Trade liberalising measures have played a major role in the development of transnational production network in both Europe and Asia, claims Dr Heribert Dieter from the Notre Europe think-tank.
In a comparing European and Asian examples, the author demonstrates how national and international regulations affect the decision of private-sector players for production arrangements. In particular, Dieter analyses the effects of regionalisation on the automobile industry as well as the regionalisation process in general.
Herbert says that European examples, such as Audi in Hungaria and Renault in Romania, show the advantages of cross-border trade and transnational production network for the private-sector strategies. The relocation of production in low-cost countries in eastern Europe enabled the European industry to be more competitive, the author states.
The example of the joint-venture agreement, creating Toyota-Peugeot-Citroën Automobiles, shows how Asian car manufacturers took advantage of globalisation and the emergence of eastern Europe as a location for car production in an innovative manner. The integration of the Czech Republic in the EU has been the decisive factor determining the success of the venture, the paper argues.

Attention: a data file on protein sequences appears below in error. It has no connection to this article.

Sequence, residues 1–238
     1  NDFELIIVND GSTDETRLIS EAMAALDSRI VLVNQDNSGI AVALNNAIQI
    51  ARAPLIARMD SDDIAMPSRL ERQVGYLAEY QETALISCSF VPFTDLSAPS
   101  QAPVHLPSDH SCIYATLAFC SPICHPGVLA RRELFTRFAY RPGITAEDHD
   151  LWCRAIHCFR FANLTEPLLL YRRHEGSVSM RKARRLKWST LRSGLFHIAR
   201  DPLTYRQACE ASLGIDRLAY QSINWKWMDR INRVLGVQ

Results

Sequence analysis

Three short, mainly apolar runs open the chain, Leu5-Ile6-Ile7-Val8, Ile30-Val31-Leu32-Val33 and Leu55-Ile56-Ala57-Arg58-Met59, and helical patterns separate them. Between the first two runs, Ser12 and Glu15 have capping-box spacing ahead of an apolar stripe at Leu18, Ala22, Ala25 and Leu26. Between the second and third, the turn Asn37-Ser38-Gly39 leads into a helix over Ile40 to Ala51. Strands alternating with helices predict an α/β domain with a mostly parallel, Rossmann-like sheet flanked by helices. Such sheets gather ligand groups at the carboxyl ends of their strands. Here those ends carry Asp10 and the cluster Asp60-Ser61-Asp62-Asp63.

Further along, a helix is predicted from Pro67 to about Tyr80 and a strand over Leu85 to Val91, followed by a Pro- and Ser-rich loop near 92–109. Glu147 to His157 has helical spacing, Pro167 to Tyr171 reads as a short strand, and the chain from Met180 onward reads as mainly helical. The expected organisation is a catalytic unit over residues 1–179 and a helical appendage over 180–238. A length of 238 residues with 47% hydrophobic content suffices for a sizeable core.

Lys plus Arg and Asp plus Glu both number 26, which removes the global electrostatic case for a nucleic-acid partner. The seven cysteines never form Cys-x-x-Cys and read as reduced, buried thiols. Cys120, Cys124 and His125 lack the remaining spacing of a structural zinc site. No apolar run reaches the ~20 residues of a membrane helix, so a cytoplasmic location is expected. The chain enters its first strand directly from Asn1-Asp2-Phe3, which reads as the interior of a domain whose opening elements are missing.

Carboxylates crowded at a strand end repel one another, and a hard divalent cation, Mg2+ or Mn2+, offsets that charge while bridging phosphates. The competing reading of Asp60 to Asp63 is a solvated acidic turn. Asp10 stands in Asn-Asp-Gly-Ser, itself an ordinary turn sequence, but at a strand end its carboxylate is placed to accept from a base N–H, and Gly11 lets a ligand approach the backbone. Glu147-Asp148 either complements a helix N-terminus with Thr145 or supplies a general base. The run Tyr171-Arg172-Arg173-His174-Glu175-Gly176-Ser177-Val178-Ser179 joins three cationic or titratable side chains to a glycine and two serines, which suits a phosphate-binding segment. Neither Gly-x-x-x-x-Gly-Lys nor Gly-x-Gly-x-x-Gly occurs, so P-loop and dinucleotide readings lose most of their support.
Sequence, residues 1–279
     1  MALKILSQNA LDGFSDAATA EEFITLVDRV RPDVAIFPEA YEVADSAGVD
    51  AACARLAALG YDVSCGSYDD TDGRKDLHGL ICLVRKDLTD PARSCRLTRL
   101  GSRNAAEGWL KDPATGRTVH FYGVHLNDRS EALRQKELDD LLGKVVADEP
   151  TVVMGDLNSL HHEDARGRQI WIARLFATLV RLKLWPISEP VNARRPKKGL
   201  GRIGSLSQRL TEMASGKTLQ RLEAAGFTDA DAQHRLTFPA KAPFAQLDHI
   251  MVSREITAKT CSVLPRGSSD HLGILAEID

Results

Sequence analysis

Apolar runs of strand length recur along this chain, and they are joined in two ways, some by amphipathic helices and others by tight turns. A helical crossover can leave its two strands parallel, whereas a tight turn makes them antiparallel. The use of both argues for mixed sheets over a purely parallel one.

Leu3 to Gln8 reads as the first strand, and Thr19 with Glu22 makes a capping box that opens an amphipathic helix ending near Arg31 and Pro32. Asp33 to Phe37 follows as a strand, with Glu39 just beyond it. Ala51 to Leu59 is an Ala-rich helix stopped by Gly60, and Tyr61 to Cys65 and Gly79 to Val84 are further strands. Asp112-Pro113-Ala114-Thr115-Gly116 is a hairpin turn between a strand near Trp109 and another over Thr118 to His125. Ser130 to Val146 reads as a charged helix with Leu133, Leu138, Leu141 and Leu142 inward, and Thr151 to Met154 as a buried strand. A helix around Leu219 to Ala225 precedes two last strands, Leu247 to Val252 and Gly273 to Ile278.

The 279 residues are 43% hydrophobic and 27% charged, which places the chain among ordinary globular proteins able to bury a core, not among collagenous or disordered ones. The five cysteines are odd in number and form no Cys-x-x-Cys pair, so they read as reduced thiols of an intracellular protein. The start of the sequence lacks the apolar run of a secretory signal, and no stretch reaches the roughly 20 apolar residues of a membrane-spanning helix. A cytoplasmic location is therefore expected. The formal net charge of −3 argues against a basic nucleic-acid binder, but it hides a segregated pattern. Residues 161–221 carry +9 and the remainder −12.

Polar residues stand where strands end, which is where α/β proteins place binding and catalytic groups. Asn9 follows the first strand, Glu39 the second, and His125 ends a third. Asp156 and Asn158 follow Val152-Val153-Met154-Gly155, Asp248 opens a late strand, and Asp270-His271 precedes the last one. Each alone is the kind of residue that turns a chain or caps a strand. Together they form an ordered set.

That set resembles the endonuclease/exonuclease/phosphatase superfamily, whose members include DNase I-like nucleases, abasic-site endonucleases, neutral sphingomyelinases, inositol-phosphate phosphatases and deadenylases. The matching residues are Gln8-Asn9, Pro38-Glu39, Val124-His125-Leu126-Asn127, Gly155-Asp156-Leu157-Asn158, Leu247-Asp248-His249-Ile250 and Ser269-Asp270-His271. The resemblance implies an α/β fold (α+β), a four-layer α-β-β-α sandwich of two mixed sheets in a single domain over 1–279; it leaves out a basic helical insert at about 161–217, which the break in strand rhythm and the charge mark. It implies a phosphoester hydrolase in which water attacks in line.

Even if both Europe and Asia have initiated process of transnational division of labour, the process is more fragile in Asia as a consequence of the rules of origin. According to the author, a major advantage of European industries is the free-trade area that allows companies to source inputs into a range of countries without having to consider their origin.
Therefore, the author recommends the creation of an East Asian customs Union, which would represent a more advanced form of regionalisation than a free-trade agreement. Apart from the impediment that Asian countries would have to overcome, this single regulatory scheme would be an improvement for transnational production networks.